• Work environment and any special physical requirements, such as ability to lift 70 lbs, stand 8 hours per day, etc.
  • How we measure success; the Key Performance Indicators (KPIs) you will use to evaluate performance for this position.

Well-written job descriptions for all team members help keep you focused on what you want, facilitate quick hiring when the need arises, and communicate your expectations to candidates and current employees.

Market for employees, just like customers
Recruiting, like marketing, is most effective when it is targeted, planned and executed with consistency. Start with the basic question, “What makes your company a great choice for potential employees?” Having a written Culture Statement that is alive and well will help you to answer this question. Cross checking your Culture Statement with your employees’ experience should be a regular practice. Now is a good time to ask your current team – they’ll tell you.

Next, identify the best ways to reach potential employees for the position you are hiring. It will likely vary based on the position. Develop the ‘advertisement’ to attract them and be creative. The rules of good advertising apply – great heading, good content and a call to action. Include the aspects of your company that make it a great place for the type of person you wish to attract, as well as the “spirit” of the person you desire. Additionally, always be on the lookout for good people who can bring value to your organization. Make recruiting something that is ongoing, not crisis driven! Remember “Good to Great”.

Make hiring a De-Selection Process
Your time is valuable! Don’t waste it interviewing potential employees who don’t possess the character qualities you need or don’t fit into your culture. You can improve your results and save time by incorporating a de-selection process, using a phone screen and group pre-interview assessment to test for integrity, work ethic, and passion. If you design the group pre-interview assessment properly, those that have the “fire in the oven” will stand out and those who don’t will leave (de-select themselves), saving you time and hiring mistakes.

Your written Vision, Mission, and Culture statements are a valuable tool at this point to assist in the de-selection process. During the group pre-interview meeting use these tools with the position’s KPIs to communicate the high standards of behavior and performance expected by all within your company. If you effectively communicate these criteria, those that you would not want on your team will depart, leaving you with the “cream of the crop”.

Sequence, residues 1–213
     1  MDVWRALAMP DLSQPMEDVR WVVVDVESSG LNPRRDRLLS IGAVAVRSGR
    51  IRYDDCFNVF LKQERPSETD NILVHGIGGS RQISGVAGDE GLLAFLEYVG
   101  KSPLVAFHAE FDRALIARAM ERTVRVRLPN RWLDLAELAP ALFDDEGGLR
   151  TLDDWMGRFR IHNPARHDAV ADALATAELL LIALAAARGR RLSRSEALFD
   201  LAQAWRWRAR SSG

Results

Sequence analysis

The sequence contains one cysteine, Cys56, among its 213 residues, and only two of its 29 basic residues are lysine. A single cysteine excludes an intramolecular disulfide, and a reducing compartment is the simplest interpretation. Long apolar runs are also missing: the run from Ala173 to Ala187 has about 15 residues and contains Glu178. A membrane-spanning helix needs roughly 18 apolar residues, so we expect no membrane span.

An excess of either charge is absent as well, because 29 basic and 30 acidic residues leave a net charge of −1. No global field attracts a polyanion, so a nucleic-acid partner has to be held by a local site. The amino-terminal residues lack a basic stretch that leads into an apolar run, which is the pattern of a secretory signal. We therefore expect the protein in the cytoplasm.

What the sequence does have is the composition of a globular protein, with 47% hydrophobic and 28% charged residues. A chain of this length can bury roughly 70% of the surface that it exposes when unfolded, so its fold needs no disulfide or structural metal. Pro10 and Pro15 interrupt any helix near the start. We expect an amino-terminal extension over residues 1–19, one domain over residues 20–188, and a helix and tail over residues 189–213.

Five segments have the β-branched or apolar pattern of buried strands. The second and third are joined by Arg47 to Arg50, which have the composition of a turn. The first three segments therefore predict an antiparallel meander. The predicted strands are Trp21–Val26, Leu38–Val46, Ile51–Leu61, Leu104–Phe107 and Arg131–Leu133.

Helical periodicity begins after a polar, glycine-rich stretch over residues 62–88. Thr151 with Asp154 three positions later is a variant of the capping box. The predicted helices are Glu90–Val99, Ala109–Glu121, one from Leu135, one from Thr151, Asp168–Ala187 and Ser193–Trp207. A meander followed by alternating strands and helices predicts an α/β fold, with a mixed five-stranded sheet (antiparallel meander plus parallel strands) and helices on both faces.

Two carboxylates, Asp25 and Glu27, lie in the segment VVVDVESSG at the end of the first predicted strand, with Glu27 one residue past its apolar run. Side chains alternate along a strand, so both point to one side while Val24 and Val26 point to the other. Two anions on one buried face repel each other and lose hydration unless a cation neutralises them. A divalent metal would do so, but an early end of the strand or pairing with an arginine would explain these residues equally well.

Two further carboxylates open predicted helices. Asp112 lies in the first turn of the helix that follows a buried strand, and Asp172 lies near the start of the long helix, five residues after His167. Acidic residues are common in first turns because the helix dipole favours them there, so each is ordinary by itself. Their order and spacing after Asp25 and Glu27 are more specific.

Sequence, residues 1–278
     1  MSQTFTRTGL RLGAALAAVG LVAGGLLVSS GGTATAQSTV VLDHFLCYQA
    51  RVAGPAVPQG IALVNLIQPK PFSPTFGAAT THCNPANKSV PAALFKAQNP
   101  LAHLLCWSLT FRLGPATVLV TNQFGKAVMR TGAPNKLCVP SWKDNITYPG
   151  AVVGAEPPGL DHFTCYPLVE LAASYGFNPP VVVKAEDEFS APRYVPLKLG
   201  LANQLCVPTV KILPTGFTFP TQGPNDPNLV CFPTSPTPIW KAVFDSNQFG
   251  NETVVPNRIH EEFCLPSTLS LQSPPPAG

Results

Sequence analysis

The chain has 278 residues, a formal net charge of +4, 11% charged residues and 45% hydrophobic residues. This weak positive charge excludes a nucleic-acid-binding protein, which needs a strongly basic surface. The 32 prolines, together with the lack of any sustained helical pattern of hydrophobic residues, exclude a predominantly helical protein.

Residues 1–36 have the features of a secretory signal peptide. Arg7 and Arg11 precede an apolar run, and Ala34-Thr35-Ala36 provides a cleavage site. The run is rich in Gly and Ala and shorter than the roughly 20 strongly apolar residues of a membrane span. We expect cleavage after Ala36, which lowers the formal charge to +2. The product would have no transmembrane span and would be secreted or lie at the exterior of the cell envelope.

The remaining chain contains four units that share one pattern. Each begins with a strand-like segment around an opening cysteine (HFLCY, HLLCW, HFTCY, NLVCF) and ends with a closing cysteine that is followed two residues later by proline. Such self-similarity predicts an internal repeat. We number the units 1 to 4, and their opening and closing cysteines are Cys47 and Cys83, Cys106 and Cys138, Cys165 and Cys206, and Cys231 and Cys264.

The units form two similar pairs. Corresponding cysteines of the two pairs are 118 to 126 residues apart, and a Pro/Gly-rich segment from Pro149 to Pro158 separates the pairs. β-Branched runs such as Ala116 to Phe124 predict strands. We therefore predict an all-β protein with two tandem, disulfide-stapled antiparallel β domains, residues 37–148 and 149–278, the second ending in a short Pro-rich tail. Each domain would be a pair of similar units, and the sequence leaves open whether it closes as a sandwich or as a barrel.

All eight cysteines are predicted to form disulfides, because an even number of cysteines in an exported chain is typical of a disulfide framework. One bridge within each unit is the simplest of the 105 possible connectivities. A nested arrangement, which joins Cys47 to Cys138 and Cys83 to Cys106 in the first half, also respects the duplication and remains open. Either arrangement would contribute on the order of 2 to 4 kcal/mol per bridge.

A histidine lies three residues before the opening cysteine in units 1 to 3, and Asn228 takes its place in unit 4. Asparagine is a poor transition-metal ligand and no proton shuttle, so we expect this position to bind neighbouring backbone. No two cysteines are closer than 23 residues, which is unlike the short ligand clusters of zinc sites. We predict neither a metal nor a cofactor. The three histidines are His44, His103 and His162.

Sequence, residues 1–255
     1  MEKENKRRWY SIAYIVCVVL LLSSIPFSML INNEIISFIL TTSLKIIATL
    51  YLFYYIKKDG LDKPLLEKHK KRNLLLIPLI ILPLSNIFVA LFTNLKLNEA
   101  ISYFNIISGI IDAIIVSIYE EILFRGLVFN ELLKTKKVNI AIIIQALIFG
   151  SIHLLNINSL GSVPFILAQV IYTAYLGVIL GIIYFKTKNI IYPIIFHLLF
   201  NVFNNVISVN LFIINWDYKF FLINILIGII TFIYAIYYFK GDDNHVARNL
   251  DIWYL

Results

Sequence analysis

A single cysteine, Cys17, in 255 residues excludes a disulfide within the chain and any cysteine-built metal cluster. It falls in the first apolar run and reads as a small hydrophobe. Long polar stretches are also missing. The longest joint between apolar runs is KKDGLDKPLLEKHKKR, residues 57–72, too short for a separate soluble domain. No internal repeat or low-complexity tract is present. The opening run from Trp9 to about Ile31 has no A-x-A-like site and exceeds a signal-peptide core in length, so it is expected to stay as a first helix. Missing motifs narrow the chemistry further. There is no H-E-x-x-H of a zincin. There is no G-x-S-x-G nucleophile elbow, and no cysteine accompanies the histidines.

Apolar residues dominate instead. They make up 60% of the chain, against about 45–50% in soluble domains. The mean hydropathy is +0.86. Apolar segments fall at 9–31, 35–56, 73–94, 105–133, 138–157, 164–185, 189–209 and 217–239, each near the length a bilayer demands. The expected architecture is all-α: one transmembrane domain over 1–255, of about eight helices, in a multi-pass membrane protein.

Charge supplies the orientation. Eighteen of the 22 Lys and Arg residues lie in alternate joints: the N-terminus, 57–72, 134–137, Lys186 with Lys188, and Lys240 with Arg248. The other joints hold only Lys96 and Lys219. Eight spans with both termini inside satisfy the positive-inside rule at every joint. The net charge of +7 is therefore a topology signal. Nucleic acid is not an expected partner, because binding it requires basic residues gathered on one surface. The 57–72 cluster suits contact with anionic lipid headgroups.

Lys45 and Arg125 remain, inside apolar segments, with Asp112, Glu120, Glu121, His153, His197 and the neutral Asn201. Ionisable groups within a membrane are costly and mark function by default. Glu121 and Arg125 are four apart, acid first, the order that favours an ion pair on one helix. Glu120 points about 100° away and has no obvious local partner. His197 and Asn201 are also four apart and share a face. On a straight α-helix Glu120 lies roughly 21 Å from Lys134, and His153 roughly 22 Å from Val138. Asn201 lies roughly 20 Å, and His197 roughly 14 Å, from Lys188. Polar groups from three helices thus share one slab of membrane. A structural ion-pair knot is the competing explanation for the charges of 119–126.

What are you looking for at this stage? – Passion, confidence, and the desire to grow. These attributes are much more important than knowledge or experience, which can be taught. Stay disciplined and only interview candidates who make it through both the phone and group interview steps.

Once you decide to schedule someone for an interview, email them the job description so expectations are clear before they arrive. Have the candidate meet with multiple people, when possible, and employ behavioral interview techniques and tests to probe for the skills and competencies that are most critical. Be willing to turn down candidates who are not the right fit and don’t settle for less than the best!

Believe You Can and You Will
Sounds simple, but too often we defeat ourselves before we start. Telling yourself ‘I just can’t get good help’ becomes a self-fulfilling prophecy. Instead, start telling yourself “I have a great team committed to achieving our goals”. Even if it’s not yet true – YOU can make it so. Remember the objective when hiring is to be able to say 3 years later that, “Knowing what I know now, I’d hire this person again in a heartbeat!”


Is Your Business Working Harder Than You?

Are you working harder than your business, or is your business working harder than you? If you are working harder than your business, you are among the many self-employed who have succeeded in purchasing a job for themselves! Do you aspire to be an entrepreneur? Then you must figure a way to create a business that works harder than you, so that you can use your spare time to launch other business endeavors or to enjoy the lifestyle that typifies the successful entrepreneur – time with family and time for personal leisure pursuits. So how does one get their business to work harder? There are 6 steps to creating a profitable business that works without you having to be there every day:

1. Mastery: Of time, money, delivery, and destination.
2. Niche: Mitigating price-discounting pressure.
3. Leverage: Systemizing the business.
4. Team: Getting the right people on the bus.
5. Synergy: Able to grow a strong stable enterprise.
6. Massive Results: Multiple streams of income.

Each of the six steps builds upon the previous so let’s dig a little deeper.

Mastery: from chaos to order